Her voice was suddenly sharp, “We’ll have none of that.” She pulled out a saber.

James was already gone. He’d shifted into a lion, and ran straight at her. He reached the other side and blinked. She was gone.

Her mocking voice echoed in the cylinder, “You’ll have to do better than that, Shifter!”

Then she was in front of him and stabbed his shoulder. The pain was blinding, his scream caught in his throat as he gasped. Landon suddenly appeared, a silver blur as he bit her arm wrenching it away from James. She yelped, and then vanished. They stood back to back, scanning the walls.

Celia screamed and the two of them whipped around to the source of the sound.

Eve was leaning against the wall, gripping Celia with a bloody arm while pointing the saber at her back.

“You care about her don’t you?” she sneered at James, “Her and the child; I can see it in your face. So, play along and she’ll be fine.” She stroked Celia’s cheek, her nail cutting a slash on her face, bright red on white. “Otherwise she’ll die.”

James nodded and began to walk toward her. Suddenly, her eyes grew wide with anger as she heard his mind. With a shriek, she stabbed Celia, who shuddered, then fell forward. At the same time Landon leapt at Eve’s head. Eve swung her sword up, but she was too late. Landon’s body slammed into her, crushing her as the blade went through the width of his body. She was dead and Landon was dying. James rushed to Celia, holding her as he looked for Bobby, who was beside Landon, tending to him. Celia’s green eyes flickered up to James’ face. She smiled and said in a firm, raspy voice, “You’d better change me or else I’ll come back to get you. You know I don’t want to die.” She knew what he was…how he could make others like himself...what he’d gone through…she said she wouldn’t want this unless she had no choice. But she didn’t. She had known this was going to happen. She was in his arms, dying, and there was no one to save her. Unless he did. She closed her eyes and said nothing else.

“Alright,” he whispered, “You win.”


Two years later.


Landon was buried in Finch in a grave alongside James’ family. Bobby was fitting in nicely with other children his age and was going to have his sixth birthday soon. James’ assumption about his abilities when they first met was right on the dot; no one’s thoughts were private around the young boy. Celia was now eighteen. She and James were getting married in June and they were planning on building a house on his family’s land to replace the charred remains of the previous one. The townspeople of Finch welcomed them all and helped them settle in. James told everyone about the secret that he, Bobby, and Celia all shared. There had been enough secrets. Everyone was silent when he revealed the truth about the tragedy two years ago. He explained as best as he could, as he asked them to forgive him. But they shushed away his apologies. They understood that it wasn’t his fault. James had finally found peace with himself for the terrible thing he had done before. He knew his family would forgive him if they could; they had loved him so much. His gift wasn’t evil: he had saved someone he loved. He did what he would have done for his family.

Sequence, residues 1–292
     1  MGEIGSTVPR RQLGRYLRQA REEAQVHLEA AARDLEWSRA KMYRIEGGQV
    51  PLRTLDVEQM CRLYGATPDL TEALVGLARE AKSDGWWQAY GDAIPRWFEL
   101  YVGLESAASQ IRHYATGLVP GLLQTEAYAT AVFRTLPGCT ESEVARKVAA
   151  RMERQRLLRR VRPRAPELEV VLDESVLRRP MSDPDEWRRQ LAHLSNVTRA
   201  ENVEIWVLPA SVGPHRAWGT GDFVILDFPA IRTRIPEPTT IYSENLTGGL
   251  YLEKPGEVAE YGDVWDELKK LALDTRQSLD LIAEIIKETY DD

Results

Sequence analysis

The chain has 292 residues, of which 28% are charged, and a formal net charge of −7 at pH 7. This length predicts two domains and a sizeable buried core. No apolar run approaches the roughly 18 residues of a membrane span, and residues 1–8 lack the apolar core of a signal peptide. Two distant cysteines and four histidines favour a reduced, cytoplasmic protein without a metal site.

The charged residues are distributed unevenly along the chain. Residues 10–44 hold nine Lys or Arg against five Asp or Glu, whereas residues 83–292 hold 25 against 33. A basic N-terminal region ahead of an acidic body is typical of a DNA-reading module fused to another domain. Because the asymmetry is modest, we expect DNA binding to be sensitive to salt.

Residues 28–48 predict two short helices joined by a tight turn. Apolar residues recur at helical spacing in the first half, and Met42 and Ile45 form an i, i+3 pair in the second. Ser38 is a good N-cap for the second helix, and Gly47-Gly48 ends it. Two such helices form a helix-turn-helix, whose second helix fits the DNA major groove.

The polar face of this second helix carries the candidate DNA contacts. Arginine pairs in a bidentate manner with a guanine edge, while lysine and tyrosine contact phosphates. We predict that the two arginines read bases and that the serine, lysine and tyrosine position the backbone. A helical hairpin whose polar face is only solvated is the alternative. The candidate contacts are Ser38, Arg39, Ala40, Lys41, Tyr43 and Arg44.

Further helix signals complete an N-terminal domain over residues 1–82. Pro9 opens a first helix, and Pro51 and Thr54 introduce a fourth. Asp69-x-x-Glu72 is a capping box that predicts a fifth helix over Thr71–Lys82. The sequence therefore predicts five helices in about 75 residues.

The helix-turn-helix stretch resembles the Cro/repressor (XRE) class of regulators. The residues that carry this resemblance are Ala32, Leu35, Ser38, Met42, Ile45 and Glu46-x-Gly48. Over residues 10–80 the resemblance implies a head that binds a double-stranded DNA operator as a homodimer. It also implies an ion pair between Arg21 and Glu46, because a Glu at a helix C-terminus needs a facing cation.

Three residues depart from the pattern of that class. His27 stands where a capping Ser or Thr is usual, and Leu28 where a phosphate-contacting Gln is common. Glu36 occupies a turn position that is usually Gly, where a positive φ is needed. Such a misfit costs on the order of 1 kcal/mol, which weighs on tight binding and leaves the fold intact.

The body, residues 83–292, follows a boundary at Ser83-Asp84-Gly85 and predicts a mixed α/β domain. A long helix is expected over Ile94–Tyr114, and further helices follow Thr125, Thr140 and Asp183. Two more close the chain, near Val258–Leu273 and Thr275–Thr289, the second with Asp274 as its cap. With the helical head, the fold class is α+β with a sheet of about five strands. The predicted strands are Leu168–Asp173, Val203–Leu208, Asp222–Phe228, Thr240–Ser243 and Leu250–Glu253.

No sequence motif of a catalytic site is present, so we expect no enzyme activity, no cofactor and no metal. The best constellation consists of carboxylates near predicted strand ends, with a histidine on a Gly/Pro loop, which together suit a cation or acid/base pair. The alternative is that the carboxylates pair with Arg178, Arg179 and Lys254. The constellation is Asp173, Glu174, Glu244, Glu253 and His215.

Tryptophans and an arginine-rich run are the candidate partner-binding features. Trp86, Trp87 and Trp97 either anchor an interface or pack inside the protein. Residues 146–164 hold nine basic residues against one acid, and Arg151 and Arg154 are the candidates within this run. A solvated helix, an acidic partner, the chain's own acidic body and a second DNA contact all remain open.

But they would always be different, feared, and want nothing more than to lead a normal life. But none of that was important now. They were happy, content to be with each other. Three black dots among white ones on snow.

It makes sense for this story to end perfectly. Where everything fits into place and all is forgiven. The three oddballs were linking hands and staring into the sunset. The end. That was when I woke up.